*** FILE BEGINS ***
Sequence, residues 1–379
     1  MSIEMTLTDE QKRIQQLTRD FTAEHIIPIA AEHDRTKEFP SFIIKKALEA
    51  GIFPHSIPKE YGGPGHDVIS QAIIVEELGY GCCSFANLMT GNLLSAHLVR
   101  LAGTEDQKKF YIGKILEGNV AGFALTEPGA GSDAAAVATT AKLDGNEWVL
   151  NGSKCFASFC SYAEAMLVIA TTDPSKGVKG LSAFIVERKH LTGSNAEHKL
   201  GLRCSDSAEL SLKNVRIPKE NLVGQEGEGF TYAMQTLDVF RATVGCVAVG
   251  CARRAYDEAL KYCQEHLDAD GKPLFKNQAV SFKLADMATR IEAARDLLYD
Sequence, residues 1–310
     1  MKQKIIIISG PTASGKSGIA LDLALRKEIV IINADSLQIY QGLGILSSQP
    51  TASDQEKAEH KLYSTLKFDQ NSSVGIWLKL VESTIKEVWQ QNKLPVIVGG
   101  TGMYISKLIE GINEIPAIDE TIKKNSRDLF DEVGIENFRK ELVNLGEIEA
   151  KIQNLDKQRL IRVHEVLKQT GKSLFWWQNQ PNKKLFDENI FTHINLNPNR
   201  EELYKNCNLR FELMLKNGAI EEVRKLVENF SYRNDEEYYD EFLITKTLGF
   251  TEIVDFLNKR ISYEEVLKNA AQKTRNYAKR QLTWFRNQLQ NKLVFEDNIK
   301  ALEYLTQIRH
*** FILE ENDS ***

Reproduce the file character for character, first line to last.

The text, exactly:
Sequence, residues 1–379
     1  MSIEMTLTDE QKRIQQLTRD FTAEHIIPIA AEHDRTKEFP SFIIKKALEA
    51  GIFPHSIPKE YGGPGHDVIS QAIIVEELGY GCCSFANLMT GNLLSAHLVR
   101  LAGTEDQKKF YIGKILEGNV AGFALTEPGA GSDAAAVATT AKLDGNEWVL
   151  NGSKCFASFC SYAEAMLVIA TTDPSKGVKG LSAFIVERKH LTGSNAEHKL
   201  GLRCSDSAEL SLKNVRIPKE NLVGQEGEGF TYAMQTLDVF RATVGCVAVG
   251  CARRAYDEAL KYCQEHLDAD GKPLFKNQAV SFKLADMATR IEAARDLLYD
Sequence, residues 1–310
     1  MKQKIIIISG PTASGKSGIA LDLALRKEIV IINADSLQIY QGLGILSSQP
    51  TASDQEKAEH KLYSTLKFDQ NSSVGIWLKL VESTIKEVWQ QNKLPVIVGG
   101  TGMYISKLIE GINEIPAIDE TIKKNSRDLF DEVGIENFRK ELVNLGEIEA
   151  KIQNLDKQRL IRVHEVLKQT GKSLFWWQNQ PNKKLFDENI FTHINLNPNR
   201  EELYKNCNLR FELMLKNGAI EEVRKLVENF SYRNDEEYYD EFLITKTLGF
   251  TEIVDFLNKR ISYEEVLKNA AQKTRNYAKR QLTWFRNQLQ NKLVFEDNIK
   301  ALEYLTQIRH